What started as an afternoon obsession for comedians John Mulaney and Nick Kroll is about to turn in to something much more. Their characters, George St. Geegland and Gil Faizon—parodies of two ornery Upper West Side Jews Mulaney and Kroll once stumbled upon—will soon be the stars of Oh, Hello on Broadway, making its Broadway debut this fall.
Here’s Kroll on the origins of the characters in The Hollywood Reporter:
We saw these two guys buying individual copies of Never Have Your Dog Stuffed, Alan Alda’s autobiography, at the Strand [bookstore] back in 2005…We followed them around for a bit and just fell in love. They typify a very specific kind of New York personality.
Mulaney and Kroll have been doing some version of George and Gil since 2005, hosting a weekly comedy show at the Rafifi in character, before each of them ended up with jobs that took them away from the bit for a while—Mulaney as a stand-up and a writer for Saturday Night Live, and Kroll with his Comedy Central vehicle, Kroll Show. However, they weren’t quite ready to throw the corduroys and turtlenecks (George and Gil’s standard costumes) in the back of closet.
They started doing George and Gil on Kroll Show, and for a show that, despite critical acclaim, didn’t make much of a pop culture dent, the duo’s appearances have emerged as the most memorable sketches. Meanwhile, the pair started to appear as George and Gil on Comedy Bang! Bang!, an improvisational comedy podcast where they were able to flesh out George and Gil to an even greater degree.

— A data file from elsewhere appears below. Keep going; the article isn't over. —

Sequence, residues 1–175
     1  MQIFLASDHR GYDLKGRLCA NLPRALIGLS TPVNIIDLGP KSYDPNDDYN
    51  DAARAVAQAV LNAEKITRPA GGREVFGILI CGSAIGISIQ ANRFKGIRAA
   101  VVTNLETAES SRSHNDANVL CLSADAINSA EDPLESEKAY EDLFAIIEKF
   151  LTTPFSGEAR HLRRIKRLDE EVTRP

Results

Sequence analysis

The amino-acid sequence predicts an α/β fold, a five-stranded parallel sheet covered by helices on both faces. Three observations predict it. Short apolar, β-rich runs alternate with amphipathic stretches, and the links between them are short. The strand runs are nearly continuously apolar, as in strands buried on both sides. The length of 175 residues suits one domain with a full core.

The details of George and Gil’s relationship can start to get murky, but some threads have stayed consistent. George teaches creative writing at the fictitious SUNY Yonkers, hired on the strength of his novel Rifkin’s Dilemma, a Portnoy’s Complaint-style story of a young Jewish man obsessed with masturbation. He and Gil met while dodging the Vietnam draft and found in each other a partner for Steely Dan concerts, terrorizing local children, and, as they put it in their clipped pronunciation, “c’caine.”
George is the more abrasive of the two, while Gil tends toward doddering, but they both exemplify a type of New York “liberal racist” that have, according to them, done everything from getting cut from Comedy Central roasts to mistakenly encourage David Berkowitz. They also interrupt their shows by handing guests enormous quantities of tuna, a “prank” that has prompted them to refer to their fans as “tunaheads.”
After Kroll Show ended, the two took Gil and George on a sort of grand tour, appearing at theaters all over the country before a critically acclaimed limited run at the off-Broadway Cherry Lane Theater. Now, Oh, Hello on Broadway will begin its run at the Lyceum Theater, beginning previews on September 23 and running through January 9.
And if anyone I know is reading this, be aware that buying me tickets to this show would enter the pantheon of greatest Hanukkah gifts ever given.